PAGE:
Countries around the world are pushing for an electric future. But they’re doing it for different reasons.
Yesterday, we featured India’s plan to end the sale of petrol and diesel cars within the next thirteen years. That’s a huge move, in terms of making the world’s transportation cleaner and more efficient. But that’s only the beginning.
Soon after India, France and the United Kingdom made similar announcements, albeit slightly less ambitious. But leading the pack is Norway, which already has more than one-third of its cars running on electricity today.
Why are so many countries pushing for electric cars? And how are they doing it? It turns out that the reasons and methods, though similar, are also quite different. Here’s a quick roundup of some of the major electric-car pledges of the past few years.
Norway has been promoting electric cars for decades. With tax breaks, free charging points, and permission to drive on the special lanes normally reserved for buses, the country has been giving people a lot of extra reasons to go electric in their driving. And they’ve been doing it since the 1990s.
This is part of Norway’s general philosophy of keeping its environment healthy — and the results are showing.
Today, over a third of new cars sold in the country are either fully electric, or plug-in hybrids: cars that run on battery but switch over to fuel when the charge runs out. With the recent plan to install two fast-chargers for every 50 kilometres of Norway’s main roads, the charge won’t be running out very often.
Because 98% of Norway’s electricity is from hydro-power, Norway’s electricity is the cleanest electricity yet. And the free changing-points set up for cars by the government make it the cheapest electricity too.
And Norway hasn’t finished yet. The government recently initiated plans to ban selling new petrol- and diesel-powered cars by 2025 — five years ahead of India. The bill is yet to be finalised, and some are not sure if it’s possible. But it shouldn’t be too hard a journey, seeing that Norway’s already halfway there.
Soon after Norway, the Dutch (Netherlands) parliament too initiated plans to stop selling fuel-cars by 2025. Again, the plan is again yet to be made into law as there is some disagreement about whether it will actually work.
The plan was first proposed in the Netherlands by the Labour Party (PrdA), who wanted non-electric cars to be banned entirely. That plan was eventually toned down, so it would only “strive to prevent” sales of new fuel-cars, making the roads slowly become more electric over time.
However, the VVD, which is running the government in partnership with the PvdA, wasn’t convinced. VVD leader Halbe Zijlstra called the plan “unrealistic” — as well it might be: the amount of electric cars sold in the country is currently just 10%.
But then again, given the country’s ability to get things done, it might just work.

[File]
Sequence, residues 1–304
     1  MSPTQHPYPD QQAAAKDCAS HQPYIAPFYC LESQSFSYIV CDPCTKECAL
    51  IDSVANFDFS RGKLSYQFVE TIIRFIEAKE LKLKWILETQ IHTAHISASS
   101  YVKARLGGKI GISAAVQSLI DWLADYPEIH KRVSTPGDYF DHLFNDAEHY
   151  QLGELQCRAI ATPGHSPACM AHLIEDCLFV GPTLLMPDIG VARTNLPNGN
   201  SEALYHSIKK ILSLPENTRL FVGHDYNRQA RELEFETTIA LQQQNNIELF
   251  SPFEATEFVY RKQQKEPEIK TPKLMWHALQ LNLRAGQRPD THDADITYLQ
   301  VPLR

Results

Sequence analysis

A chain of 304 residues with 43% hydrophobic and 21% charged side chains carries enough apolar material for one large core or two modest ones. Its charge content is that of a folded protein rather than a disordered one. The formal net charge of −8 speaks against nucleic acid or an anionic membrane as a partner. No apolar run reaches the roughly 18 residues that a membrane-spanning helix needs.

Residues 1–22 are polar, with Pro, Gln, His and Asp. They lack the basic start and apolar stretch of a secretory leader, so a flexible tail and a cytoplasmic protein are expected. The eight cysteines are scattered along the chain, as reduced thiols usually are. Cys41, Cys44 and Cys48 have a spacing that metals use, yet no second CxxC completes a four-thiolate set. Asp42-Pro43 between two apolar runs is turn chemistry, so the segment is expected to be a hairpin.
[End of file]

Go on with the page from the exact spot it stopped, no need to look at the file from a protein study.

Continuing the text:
While the Indian government is projecting its “no petrol or diesel cars by 2030” plan as an environmentalist one, the country also has another big reason for going electric: oil imports.
Currently the world’s third-largest oil importer, India spends about $150 billion every year, importing as much oil as Italy, Spain and the United Kingdom combined. According to calculations, India will save at least $60 billion by switching to electric cars.
Of course, with millions of air-pollution-related deaths every year, a clean atmosphere is also a big incentive. The number of deaths is so high that it’s almost as much as the deaths caused by smoking. Diesel cars have already been banned in the National Capital Region of Delhi, and Road Minister Nitin Gadkari recently made it clear the trend would continue.
Apart from promoting electric cars, the government also wants to promote making electric cars in India. The Energy Ministry’s principal advisor, Ashok Jhunjhunwala, said electric cars would be increasing sought after in the next 5–6 years — so if India doesn’t make its own, it’ll end up importing cars instead of oil.
France has just got a new government which appears very committed to the environment. At least the Environment Ministry is, because the Environment Minister, Nicolas Hulot, is also an environmental activist.
Last July, Hulot announced several new environmental policies, including stopping new oil exploration permits immediately, and ending the use of coal for electricity in the next five years. And then, there was the plan to stop selling non-electric cars by 2040.
The policy has been criticised by some for not being ambitious enough. It’s a long way behind what Norway and even India are planning. Another problem was that there weren’t many details on how they planned to phase out fuel-cars. Although, seeing that 2040 is so far away, they probably don’t urgently need plans just yet.